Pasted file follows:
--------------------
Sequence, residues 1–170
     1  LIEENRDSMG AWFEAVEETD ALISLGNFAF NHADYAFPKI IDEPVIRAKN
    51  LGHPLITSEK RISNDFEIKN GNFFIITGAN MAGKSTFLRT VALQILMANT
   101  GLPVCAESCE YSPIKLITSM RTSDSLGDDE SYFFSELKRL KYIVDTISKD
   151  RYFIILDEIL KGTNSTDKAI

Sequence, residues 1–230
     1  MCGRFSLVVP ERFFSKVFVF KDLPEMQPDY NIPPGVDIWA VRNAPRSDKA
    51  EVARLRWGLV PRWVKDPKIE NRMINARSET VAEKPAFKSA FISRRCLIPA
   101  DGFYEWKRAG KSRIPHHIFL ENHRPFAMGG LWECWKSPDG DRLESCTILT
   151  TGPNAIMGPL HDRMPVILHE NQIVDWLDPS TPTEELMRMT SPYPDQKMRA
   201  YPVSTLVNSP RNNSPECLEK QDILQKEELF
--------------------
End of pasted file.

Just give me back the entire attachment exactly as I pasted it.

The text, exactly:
Sequence, residues 1–170
     1  LIEENRDSMG AWFEAVEETD ALISLGNFAF NHADYAFPKI IDEPVIRAKN
    51  LGHPLITSEK RISNDFEIKN GNFFIITGAN MAGKSTFLRT VALQILMANT
   101  GLPVCAESCE YSPIKLITSM RTSDSLGDDE SYFFSELKRL KYIVDTISKD
   151  RYFIILDEIL KGTNSTDKAI

Sequence, residues 1–230
     1  MCGRFSLVVP ERFFSKVFVF KDLPEMQPDY NIPPGVDIWA VRNAPRSDKA
    51  EVARLRWGLV PRWVKDPKIE NRMINARSET VAEKPAFKSA FISRRCLIPA
   101  DGFYEWKRAG KSRIPHHIFL ENHRPFAMGG LWECWKSPDG DRLESCTILT
   151  TGPNAIMGPL HDRMPVILHE NQIVDWLDPS TPTEELMRMT SPYPDQKMRA
   201  YPVSTLVNSP RNNSPECLEK QDILQKEELF